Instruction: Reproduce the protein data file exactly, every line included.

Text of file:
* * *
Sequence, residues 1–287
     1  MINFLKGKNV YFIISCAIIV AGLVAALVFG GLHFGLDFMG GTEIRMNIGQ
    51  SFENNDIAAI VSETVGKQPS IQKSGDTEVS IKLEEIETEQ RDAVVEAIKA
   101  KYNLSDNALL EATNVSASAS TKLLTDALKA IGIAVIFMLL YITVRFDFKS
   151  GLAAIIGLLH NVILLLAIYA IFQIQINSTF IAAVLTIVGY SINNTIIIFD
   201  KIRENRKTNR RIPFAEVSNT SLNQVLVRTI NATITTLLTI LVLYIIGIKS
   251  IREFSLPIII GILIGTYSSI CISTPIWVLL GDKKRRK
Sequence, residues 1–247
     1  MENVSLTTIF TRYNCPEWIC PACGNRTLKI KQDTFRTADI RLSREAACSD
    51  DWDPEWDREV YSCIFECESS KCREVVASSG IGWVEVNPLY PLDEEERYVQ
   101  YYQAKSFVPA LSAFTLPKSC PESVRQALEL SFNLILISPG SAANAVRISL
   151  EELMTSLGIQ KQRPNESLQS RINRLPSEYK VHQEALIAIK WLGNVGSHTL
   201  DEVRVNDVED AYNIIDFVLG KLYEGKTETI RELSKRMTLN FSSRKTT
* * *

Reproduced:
Sequence, residues 1–287
     1  MINFLKGKNV YFIISCAIIV AGLVAALVFG GLHFGLDFMG GTEIRMNIGQ
    51  SFENNDIAAI VSETVGKQPS IQKSGDTEVS IKLEEIETEQ RDAVVEAIKA
   101  KYNLSDNALL EATNVSASAS TKLLTDALKA IGIAVIFMLL YITVRFDFKS
   151  GLAAIIGLLH NVILLLAIYA IFQIQINSTF IAAVLTIVGY SINNTIIIFD
   201  KIRENRKTNR RIPFAEVSNT SLNQVLVRTI NATITTLLTI LVLYIIGIKS
   251  IREFSLPIII GILIGTYSSI CISTPIWVLL GDKKRRK
Sequence, residues 1–247
     1  MENVSLTTIF TRYNCPEWIC PACGNRTLKI KQDTFRTADI RLSREAACSD
    51  DWDPEWDREV YSCIFECESS KCREVVASSG IGWVEVNPLY PLDEEERYVQ
   101  YYQAKSFVPA LSAFTLPKSC PESVRQALEL SFNLILISPG SAANAVRISL
   151  EELMTSLGIQ KQRPNESLQS RINRLPSEYK VHQEALIAIK WLGNVGSHTL
   201  DEVRVNDVED AYNIIDFVLG KLYEGKTETI RELSKRMTLN FSSRKTT